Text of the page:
Kildare farmers and agri-businesses met with Minister for Transport Leo Varadkar yesterday evening to discuss the new load height restrictions, which they say, will cause huge financial damage and massive disruption to their operations.
As of 1 November, new transport restrictions have been introduced, which lowers the maximum height of vehicles permitted to use our roads to 4.65 metres.
Many farm organisations have come out to say these conditions are unworkable.
Athy’s Liam Dunne, chairman of the IFA grain committee in the region, said the new height restrictions will add enormous additional and unnecessary costs for transporting fodder and other agri-related produce.
Speaking to AgriLand this morning, he said: “We did get a sympathetic ear from the minister. He did acknowledge we were a unique sector that will be affected by these changes and the unfortunate side-effects. Farmers in the West of Ireland who are very dependent on hay and straw from tillage farmers in the east of the country, will be hit particularly badly by this new regulation.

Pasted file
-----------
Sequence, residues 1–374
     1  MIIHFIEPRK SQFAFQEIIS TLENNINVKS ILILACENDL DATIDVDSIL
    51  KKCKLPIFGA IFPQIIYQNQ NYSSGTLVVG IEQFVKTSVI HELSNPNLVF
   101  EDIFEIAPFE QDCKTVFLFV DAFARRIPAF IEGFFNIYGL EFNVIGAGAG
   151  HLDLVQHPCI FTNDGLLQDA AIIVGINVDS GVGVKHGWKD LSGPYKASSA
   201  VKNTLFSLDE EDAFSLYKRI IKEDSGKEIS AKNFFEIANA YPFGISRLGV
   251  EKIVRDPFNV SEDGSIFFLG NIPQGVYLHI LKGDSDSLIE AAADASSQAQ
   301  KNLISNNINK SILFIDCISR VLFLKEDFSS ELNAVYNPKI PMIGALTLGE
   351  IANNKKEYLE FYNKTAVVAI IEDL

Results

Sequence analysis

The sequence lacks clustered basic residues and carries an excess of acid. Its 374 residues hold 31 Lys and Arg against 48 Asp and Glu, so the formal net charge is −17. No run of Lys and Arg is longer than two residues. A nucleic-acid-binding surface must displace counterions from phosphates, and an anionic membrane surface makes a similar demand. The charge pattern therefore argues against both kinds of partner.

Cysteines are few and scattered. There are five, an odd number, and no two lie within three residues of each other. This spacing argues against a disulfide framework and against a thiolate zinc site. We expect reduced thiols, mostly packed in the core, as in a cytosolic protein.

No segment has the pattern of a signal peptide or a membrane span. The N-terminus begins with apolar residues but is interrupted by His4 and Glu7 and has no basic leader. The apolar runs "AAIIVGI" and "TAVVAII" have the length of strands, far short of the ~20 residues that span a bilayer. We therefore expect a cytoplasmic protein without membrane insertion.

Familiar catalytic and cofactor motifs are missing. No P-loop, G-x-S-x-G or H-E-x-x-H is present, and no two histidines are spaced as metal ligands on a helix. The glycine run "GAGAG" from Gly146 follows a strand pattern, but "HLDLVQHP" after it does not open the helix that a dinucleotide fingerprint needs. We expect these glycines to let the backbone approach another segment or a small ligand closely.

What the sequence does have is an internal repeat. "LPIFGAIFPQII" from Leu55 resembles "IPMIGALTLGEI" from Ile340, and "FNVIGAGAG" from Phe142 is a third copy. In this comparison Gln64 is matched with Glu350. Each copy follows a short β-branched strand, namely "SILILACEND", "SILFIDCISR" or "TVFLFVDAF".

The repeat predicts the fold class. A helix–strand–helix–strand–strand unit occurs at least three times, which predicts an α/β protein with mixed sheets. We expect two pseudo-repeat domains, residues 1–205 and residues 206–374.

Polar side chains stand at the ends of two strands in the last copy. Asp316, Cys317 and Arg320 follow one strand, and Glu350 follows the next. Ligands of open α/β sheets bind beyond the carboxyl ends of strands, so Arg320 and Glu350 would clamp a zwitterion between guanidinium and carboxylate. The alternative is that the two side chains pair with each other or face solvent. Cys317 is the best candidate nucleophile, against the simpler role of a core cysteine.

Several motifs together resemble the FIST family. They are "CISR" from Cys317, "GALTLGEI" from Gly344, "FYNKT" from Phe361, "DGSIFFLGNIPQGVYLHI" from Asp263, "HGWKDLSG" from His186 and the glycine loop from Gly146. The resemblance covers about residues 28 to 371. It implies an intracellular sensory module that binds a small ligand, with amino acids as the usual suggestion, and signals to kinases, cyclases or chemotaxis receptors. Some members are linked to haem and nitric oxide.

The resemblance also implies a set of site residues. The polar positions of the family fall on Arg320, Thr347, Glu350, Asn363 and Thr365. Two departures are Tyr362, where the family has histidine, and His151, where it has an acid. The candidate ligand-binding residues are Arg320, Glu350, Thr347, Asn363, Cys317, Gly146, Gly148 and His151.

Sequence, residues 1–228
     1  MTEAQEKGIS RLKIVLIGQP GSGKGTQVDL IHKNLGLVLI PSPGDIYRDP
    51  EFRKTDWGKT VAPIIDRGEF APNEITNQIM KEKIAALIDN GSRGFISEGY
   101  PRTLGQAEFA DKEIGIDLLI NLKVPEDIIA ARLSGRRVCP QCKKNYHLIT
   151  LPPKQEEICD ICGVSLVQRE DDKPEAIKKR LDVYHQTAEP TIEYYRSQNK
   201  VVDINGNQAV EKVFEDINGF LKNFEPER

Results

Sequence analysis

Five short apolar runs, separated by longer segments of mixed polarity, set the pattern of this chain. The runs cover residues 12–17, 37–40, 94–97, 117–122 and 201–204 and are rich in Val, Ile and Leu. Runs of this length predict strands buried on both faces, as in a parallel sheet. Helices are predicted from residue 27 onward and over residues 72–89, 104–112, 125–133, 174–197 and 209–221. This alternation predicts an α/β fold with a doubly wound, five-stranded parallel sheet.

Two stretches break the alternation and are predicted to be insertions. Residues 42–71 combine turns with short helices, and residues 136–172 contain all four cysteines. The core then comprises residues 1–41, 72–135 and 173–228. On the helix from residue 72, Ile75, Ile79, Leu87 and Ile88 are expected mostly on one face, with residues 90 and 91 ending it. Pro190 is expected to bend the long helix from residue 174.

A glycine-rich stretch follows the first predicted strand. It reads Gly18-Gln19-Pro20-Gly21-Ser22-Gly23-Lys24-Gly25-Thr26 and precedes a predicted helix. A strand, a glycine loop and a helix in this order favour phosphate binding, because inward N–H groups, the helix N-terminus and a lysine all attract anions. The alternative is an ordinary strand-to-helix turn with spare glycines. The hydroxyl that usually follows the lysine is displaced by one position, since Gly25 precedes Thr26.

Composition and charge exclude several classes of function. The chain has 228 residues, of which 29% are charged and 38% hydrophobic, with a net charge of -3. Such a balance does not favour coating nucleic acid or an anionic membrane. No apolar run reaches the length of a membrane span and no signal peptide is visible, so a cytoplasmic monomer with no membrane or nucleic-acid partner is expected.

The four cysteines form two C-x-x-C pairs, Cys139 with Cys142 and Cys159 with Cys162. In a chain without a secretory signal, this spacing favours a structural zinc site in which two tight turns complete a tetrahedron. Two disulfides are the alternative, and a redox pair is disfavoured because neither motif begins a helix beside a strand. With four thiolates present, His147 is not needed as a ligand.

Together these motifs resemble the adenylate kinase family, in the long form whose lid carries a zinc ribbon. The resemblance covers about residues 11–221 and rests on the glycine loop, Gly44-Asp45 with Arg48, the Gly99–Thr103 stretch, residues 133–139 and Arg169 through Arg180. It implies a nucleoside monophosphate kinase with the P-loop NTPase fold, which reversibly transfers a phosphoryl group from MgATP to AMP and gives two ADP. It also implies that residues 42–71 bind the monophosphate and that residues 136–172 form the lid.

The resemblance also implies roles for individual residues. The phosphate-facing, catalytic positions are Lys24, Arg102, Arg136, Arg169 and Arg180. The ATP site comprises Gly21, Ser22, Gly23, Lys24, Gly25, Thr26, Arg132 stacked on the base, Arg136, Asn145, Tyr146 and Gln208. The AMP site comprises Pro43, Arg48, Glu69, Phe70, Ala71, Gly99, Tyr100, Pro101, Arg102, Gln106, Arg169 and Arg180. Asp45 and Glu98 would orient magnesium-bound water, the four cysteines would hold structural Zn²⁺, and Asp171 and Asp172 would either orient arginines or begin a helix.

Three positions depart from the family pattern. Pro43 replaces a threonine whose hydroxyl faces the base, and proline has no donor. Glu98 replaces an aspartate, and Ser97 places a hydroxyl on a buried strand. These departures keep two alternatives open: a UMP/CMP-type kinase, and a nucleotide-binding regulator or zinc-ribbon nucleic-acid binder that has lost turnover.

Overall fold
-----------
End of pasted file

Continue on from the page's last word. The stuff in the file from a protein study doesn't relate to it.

“It was positive enough, although nothing has been decided, but he did take our comments on board. It is always difficult to make changes after legislation has been brought in.”
Also in attendance was haulage businessman John Dallon. Speaking to AgriLand, he said the changes in the load restrictions will hamper his business considerably, in particular with farmers who sell hay and straw to feed livestock during the winter months. He called for immediate action to be taken.
AgriLand understands a number of marts from the West of Ireland were also present and raised their concerns.
The meeting was organised by Kildare South Deputy Martin Heydon. “It is very unfortunate that the farming organisations did not raise this matter with Minister Varadkar over the past number of years when it was known that the 1 November deadline was approaching. While I accept that it is difficult to bring in an exemption to an existing law, I believe that there is a compelling case for exemption when it comes to fodder.”
He concluded: “I have been made aware of a mushroom producer who uses 2,000 bales of straw a week. The changes in height limits could see that producer needing 90 artic loads of straw a week, as opposed to the present 60 loads to carry the same number of bales.”